Thursday, June 26, 2008

Trends in Memoir

Boy, are there ever a lot of memoirs out there. One keeps thinking the genre has peaked, but no. It used to be that you had to have a really unusual experience or a notable life to write a memoir, but that's not true anymore. This is what you need now: a life story with a "hook" (being raised in an unusual family, or in an unusual place, or with an unusual condition), a terrible trauma that you survived, or a wacky/strenuous challenge that you decide to undertake (eating a hamburger in all 50 states, forgoing plastic, etc.)

I really like memoirs, and I read a lot of them. For some reason they're easier to read than fiction, so when my brain feels fried (which it does a lot these days) I'll pick out the memoir from my teetering pile of unread books. So none of this is meant as criticism of the genre. It's true I'm slightly resentful of them, though -- I'm a fiction writer, and very loyal to that genre, and so far my life has not been memoir-worthy (I hope it never will be). And most memoirs are perfectly fine, but nothing I'd post about.

Mostly I'm just very curious about why this has happened. Experiences that once might have been channeled into fiction are now told straight, as memoir. Why? What changed since, say, the 70's? My mother used to read a lot of travel memoirs back then, but that and the autobiography of fame were really the only kinds of the thing that you could get back then. Why the hunger, now, to hear about a stranger's breast cancer, or young widowhood, or infertility?

JRL thinks it's marketing. A book about, say, adopting a baby from China (there's one on my store's new book table right now) has a ready-made audience: the thousands of people who've adopted from China. Or adopted at all. Everyone who knows someone with that experience will buy it for their friend as a gift. Same with the cancer memoir on the same table, and the autism one.

There's some truth to this, I think. Publishers are nervous these days, and books are expensive, and we might feel that they need to be educational somehow or giftable, to coin a term, before we shell out $27.95. Will I give my sister a literary novel from an unknown first novelist? Um, no. Will I give her a memoir about being gluten-intolerant? You bet.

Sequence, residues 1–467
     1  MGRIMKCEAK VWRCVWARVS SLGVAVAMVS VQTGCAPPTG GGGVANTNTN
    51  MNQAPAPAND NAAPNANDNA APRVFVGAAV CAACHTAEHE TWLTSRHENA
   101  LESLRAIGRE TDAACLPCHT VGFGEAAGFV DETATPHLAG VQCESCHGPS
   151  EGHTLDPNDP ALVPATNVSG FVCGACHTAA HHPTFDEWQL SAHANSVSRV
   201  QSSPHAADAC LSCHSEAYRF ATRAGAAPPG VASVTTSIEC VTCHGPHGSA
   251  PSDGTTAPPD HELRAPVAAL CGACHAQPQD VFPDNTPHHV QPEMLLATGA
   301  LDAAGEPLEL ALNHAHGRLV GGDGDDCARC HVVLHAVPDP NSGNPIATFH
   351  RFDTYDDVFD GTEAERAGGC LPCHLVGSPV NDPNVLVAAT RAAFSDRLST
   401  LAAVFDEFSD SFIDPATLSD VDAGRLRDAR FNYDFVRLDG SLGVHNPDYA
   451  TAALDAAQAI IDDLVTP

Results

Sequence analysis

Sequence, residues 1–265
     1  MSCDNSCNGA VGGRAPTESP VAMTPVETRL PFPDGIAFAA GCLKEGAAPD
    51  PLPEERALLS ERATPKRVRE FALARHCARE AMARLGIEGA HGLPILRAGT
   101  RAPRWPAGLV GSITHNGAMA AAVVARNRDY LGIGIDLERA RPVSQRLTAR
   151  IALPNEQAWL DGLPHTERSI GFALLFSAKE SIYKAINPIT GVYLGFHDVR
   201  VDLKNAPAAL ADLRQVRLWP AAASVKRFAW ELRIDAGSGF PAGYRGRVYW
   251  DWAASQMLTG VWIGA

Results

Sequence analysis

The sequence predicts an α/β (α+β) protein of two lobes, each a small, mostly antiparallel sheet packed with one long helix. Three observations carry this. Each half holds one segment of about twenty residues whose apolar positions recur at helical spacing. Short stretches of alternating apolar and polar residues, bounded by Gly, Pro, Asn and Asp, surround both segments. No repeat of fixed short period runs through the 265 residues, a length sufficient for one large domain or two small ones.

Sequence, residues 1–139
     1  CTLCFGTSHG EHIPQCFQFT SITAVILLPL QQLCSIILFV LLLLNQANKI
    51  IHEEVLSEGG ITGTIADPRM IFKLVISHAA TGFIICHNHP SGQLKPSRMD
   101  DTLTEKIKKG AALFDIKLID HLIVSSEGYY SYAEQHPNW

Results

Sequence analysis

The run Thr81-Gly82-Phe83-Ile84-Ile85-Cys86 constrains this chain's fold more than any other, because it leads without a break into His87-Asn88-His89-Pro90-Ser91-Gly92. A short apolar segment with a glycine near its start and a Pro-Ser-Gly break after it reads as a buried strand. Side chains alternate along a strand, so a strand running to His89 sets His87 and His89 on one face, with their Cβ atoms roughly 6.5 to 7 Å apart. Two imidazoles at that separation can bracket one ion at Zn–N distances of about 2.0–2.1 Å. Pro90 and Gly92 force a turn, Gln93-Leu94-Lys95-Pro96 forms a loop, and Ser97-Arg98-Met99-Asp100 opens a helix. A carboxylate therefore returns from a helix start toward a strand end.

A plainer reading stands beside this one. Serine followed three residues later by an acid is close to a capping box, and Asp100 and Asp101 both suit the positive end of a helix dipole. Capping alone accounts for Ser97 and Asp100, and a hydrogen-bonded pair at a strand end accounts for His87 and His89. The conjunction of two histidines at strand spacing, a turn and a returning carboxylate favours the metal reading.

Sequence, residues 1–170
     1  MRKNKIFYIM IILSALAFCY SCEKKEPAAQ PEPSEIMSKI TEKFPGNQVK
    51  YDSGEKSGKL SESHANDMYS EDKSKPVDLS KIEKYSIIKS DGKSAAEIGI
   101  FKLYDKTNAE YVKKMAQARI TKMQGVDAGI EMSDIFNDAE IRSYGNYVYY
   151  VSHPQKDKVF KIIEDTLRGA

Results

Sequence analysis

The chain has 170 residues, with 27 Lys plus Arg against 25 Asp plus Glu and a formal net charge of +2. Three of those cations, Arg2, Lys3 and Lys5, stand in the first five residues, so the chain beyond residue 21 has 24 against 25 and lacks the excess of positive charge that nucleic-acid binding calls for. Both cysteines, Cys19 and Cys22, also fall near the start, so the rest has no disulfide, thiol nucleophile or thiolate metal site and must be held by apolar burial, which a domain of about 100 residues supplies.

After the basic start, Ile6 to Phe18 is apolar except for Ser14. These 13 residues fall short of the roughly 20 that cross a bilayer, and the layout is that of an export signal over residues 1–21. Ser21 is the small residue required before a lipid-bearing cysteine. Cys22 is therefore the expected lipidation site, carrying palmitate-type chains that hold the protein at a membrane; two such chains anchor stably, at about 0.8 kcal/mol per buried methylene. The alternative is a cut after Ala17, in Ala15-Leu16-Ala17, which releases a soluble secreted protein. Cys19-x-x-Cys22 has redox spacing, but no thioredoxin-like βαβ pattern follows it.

But I don't think it's entirely the publishing industry pushing this stuff at us. I think there's an appetite. Some of the appetite for fiction has shifted. We want to read about real life. Did we not want to read about real life in 1975? In those days, the big beefy not-especially-well-written drama was big. We wanted to read about imaginary famous or rich people doing spectacular things. We didn't want to read about someone's terrible, but not famous, mother. (Joan Crawford yes, Mrs. Bilinski down the street, no.) We didn't care, in those days, about your obsessive compulsiveness.

Or did we? Maybe we did, but publishing was reluctant to get with the program. I remember being excited, in 1983 or so, about Go Ask Alice, the drug addiction memoir that was so titillating I had to stand in the library stacks in my snow boots and read it because my mom wouldn't let me get it out. Maybe there was a kind of literary snobbishness in publishing then that we're finally getting over.

Anyway, it's fascinating. These days, the terrible mother Mrs. Bilinski might get a whole memoir, if her daughter has literary ambitions. Who'd have thunk! And when will it end? It's got to end somewhere. Doesn't it? I certainly hope so, before one of my sons writes a book about how his mother limited him to an hour of computer time a day and wouldn't let him drink soda.

11 comments:

AC said...

I've got a hunch that the internet has a lot to do with it. My impression of the memoir phenomenon in publishing is that it was just getting off the ground around the time I got out of the book retail world (2002). When I was a bookseller, we might get a lot of requests for personal memoirs of addiction, mental illness, or natural disaster, but I don't remember many titles along the lines of "Corn Doggin': My Quest to Eat Corn on Seven Continents" (got to have that explanatory subtitle). Also, I don't remember anyone having a blog back then. The only reason to have or read a blog is to either keep up with the lives of people you know or to follow someone's endeavors in a very specific line of action or inquiry. Like that woman who did a blog about cooking all the Julia Child recipes. And then got a book deal. Hmmm, didn't that happen around 2003? I think I'm going to lock that in as my final answer: blogs inspired the publishing world to promote tightly themed memoirs of ordinary life. It was the logical next step from the trauma memoirs of the late 90s.

bookfraud said...

in the last 30 years, there seems to be some premium being placed on "realness:" if something "real happened," then it stakes some claim on being closer to "the truth" than a fictionalized account of any given experience. people are no longer embarrassed to reveal their childhood horrors in memoir rather than elide them in fiction; you can blame it on oprah or the rise of 12-step recovery programs or how our culture now values self-confession and awareness rather than quiet self-reflection.